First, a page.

Micro-optimization is stupid

I tend to frequent the website stackoverflow.com. It's a fantastic website. It allows knowledge to be shared in a unique way. The only problem is, some people have no idea what they are talking about. If there are enough people who agree with these misguided notions, well then these incorrect answers get up-votes. And the cycle of misinformation repeats. It isn't too dissimilar from the various types of incorrect information regarding 32-bit machines and 4GB of RAM.


This isn't a problem with stackoverflow.com, it's a problem with people who claim things to be the case without actually testing if what they are saying is true. It happens time and time again. You may be wondering why the title of this blog entry is "Micro-optimization is stupid" when I haven't even mentioned that yet, well wait no more, here it is. Someone had asked a question which had a simple answer on SO. He was trying to insert a pointer to an object into a list which contained actual objects. I am guessing he is usually a java programmer (this isn't an attack of Java programmers, just that Java's syntax for creating references to objects looks very much like the broken c++ he was trying to use). Someone took it upon themselves to not only give advice on how to correct this trivial error but also gave some optimization advice for iterating over the list. He recommended something like this:

for(std::list<Point>::iterator it = l.begin(), end = l.end(); it != end; ++i) {
    /* whatever */
}

as opposed to this:

for(std::list<Point>::iterator it = l.begin(); it != l.end(); ++i) {
    /* whatever */
}

The reality is that there isn't a huge amount of difference between the two. The goal of the posters code is to avoid std::list::end() from being called after every iteration of the loop. I felt compelled to point out to the poster that the optimization recommendation was misguided as any sane compiler will nicely optimize that loop so the std::list::end() is only called once. In addition to that std::list::end() is typically an O(1), so even if it were called multiple times, it wouldn't make a difference. You're trading one memory fetch for another, no real difference.

Of course, he argued, people who don't know what they are talking about usually do :-P. He started claiming that since the compiler doesn't know that the size is constant, it has to recalculate the size each time and that this extra function call would cause cache misses and such. See the problem here? There is enough techno-babble to sound convincing! But don't worry folks, I was determined to demonstrate my point. So I responded with a few corrections. Most importantly, size() != end(), so even if it did need to recalculate size() each time, the size has nothing to do with it. In addition, certainly, if the loop only uses member functions which are const it certainly can know that the list hasn't changed. (he of course retorted that while the end()/size() function is const, its result is not, which is just silliness, since end() won't change the list, if all other functions don't change the list, well then end() will be the same next iteration!). Finally, I sent him a link to some code which looks like this:

// program 1
#include <list>
#include <iostream>

int main() {
    std::list<int> l1;

    l1.push_back(1);
    l1.push_back(2);
    l1.push_back(3);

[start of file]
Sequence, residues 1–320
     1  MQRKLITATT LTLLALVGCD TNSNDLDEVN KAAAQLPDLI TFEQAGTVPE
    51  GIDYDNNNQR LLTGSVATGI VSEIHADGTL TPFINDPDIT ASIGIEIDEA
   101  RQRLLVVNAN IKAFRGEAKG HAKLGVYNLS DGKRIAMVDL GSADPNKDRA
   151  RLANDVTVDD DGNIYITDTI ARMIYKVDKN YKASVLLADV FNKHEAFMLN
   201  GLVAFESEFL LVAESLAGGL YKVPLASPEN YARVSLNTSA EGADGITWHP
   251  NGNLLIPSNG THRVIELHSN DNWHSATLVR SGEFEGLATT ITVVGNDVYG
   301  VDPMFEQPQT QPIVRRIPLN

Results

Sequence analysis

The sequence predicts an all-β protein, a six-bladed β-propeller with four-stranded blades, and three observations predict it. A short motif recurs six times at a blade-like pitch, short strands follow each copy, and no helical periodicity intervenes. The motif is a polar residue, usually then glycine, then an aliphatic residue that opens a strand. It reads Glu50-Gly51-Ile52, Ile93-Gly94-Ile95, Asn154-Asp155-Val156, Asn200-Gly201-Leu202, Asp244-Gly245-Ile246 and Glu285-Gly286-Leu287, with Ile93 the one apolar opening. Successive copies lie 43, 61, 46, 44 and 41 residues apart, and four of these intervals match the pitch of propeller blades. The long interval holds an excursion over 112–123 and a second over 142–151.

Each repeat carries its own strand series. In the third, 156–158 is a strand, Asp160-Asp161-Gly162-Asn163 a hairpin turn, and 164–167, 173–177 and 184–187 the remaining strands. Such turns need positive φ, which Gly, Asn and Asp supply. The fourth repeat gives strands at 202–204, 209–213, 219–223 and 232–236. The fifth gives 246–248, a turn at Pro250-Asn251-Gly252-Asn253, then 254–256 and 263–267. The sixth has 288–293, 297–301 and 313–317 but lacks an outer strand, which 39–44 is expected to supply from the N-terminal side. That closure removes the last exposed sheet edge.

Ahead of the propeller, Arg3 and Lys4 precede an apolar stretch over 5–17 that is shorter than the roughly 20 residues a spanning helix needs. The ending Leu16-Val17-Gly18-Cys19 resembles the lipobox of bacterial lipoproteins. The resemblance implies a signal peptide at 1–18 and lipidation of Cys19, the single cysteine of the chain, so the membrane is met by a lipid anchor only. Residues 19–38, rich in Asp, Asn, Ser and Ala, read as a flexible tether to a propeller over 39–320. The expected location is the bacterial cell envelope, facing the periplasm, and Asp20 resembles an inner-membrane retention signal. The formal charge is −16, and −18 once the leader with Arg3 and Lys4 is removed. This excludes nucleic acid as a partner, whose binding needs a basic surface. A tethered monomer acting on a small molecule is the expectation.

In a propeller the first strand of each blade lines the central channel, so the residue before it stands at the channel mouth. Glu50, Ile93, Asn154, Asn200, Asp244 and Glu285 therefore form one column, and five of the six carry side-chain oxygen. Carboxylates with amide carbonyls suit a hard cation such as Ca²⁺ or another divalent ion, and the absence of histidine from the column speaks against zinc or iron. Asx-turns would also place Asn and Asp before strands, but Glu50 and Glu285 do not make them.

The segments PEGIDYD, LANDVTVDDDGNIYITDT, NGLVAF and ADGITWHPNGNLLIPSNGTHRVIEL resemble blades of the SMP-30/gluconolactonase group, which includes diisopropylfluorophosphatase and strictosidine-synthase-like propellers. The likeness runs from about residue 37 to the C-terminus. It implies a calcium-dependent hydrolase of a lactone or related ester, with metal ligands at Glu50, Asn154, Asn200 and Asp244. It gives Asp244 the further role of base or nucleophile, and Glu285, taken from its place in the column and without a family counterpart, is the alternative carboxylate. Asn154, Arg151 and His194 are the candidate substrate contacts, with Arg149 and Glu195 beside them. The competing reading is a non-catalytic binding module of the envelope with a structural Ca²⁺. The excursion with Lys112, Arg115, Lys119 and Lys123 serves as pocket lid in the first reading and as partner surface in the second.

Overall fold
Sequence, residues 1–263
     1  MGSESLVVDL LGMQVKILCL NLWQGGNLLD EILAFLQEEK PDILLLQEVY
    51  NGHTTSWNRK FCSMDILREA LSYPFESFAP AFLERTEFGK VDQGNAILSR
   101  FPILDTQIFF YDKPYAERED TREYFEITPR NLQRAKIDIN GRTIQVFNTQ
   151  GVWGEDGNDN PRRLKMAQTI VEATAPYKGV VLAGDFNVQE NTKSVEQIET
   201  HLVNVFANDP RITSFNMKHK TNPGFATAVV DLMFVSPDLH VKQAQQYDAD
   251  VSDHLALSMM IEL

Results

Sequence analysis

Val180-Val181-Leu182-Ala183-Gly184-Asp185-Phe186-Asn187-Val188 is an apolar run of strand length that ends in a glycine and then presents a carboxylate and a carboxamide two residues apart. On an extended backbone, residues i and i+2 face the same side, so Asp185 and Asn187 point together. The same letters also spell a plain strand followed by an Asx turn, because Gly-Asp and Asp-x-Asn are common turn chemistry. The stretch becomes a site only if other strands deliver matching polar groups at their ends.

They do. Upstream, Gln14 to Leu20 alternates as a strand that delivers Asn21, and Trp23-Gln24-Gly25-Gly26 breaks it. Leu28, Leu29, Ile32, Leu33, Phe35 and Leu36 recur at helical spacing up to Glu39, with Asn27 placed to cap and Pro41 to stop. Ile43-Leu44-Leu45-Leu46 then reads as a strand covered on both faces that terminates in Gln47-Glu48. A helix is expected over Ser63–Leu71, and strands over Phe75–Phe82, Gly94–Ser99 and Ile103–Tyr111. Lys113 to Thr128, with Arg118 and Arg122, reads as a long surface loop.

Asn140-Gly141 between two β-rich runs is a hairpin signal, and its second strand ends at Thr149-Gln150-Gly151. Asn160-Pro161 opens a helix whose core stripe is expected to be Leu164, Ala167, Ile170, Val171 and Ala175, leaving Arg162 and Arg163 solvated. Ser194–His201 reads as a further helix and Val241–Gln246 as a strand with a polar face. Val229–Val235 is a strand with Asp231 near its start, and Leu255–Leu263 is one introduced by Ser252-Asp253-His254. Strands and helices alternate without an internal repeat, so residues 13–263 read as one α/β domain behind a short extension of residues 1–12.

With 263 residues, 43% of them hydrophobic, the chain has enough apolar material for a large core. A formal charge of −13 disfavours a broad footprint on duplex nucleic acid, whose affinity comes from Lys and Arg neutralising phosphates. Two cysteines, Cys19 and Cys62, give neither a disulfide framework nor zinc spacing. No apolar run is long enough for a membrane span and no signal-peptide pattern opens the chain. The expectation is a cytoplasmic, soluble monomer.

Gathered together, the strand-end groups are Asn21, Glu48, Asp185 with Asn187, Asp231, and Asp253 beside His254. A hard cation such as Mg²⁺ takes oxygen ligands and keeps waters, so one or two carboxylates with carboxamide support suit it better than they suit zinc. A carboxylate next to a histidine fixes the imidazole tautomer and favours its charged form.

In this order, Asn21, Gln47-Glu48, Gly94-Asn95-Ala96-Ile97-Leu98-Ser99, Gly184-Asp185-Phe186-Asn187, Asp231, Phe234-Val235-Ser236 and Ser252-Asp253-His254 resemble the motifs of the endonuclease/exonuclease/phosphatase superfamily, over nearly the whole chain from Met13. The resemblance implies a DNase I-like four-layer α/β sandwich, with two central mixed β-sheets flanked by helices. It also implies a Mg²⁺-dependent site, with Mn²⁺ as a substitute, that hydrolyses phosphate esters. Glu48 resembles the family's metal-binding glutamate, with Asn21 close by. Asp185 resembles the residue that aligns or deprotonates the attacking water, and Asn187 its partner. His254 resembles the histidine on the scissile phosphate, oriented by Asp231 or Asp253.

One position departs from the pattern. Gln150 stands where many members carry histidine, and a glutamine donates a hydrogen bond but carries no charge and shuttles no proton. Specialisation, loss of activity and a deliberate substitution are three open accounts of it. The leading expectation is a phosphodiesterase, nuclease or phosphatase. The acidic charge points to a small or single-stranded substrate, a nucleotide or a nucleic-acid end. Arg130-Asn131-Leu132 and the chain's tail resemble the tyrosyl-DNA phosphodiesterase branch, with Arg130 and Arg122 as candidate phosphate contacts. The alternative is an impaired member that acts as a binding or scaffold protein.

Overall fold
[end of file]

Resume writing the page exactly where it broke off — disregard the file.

l1.push_back(4);

    std::list<int>::iterator end = l1.end();
    for(std::list<int>::iterator it = l1.begin(); it != end; ++it) {
        printf("%d\n", *it);
    }
}
// program 2
#include <list>
#include <iostream>

int main() {
    std::list<int> l1;

    l1.push_back(1);
    l1.push_back(2);
    l1.push_back(3);
    l1.push_back(4);

    for(std::list<int>::iterator it = l1.begin(); it != l1.end(); ++it) {
        printf("%d\n", *it);
    }
}

And asked that he compile them both with g++ -O3 and look at the results. Not just assume what some other jackass told him was correct. I had already done this and knew that the result on the latest g++ is identical. At this point I had a good feeling, knowing I had prevailed... until he responded with this:

GCC 4.01 with g++ -O3 -S produces different assembly outputs and different binaries with vectors and lists. GCC 4.2 produces identical output for lists but different output for vectors. The OP uses a vector, my comment stands.

Seriously?! This guy just couldn't admit being even slightly wrong. To be clear, the OP used a list, not a vector. So at this point, he was just making things up without taking the time to read. In addition, I checked and the "difference" between the two was more or less cosmetic. Doing the same work in slightly different order (but not repeatedly calling end(), which was the original concern).

Finally, justice came and people started to down-vote his answer. He edited his post to remove the incorrect advice he gave and the down-votes were removed. None of this would have happened if he hadn't gotten fixated on silly little micro-optimizations. When will people learn?

Tricks like this may have made a difference in the early days of c++, but modern compilers are surprisingly good at optimization. Let them do their job so that you can do your job!

At this point in time, every competent developer should know that it is best to do things the simplest, most obvious way first. This is better in many ways, most importantly in maintainability. Everyone can agree that simple and obvious code is easier to understand. Then if after profiling you find that a particular segment of code is not performant enough, feel free to go bananas with optimizing the little things in that particular section.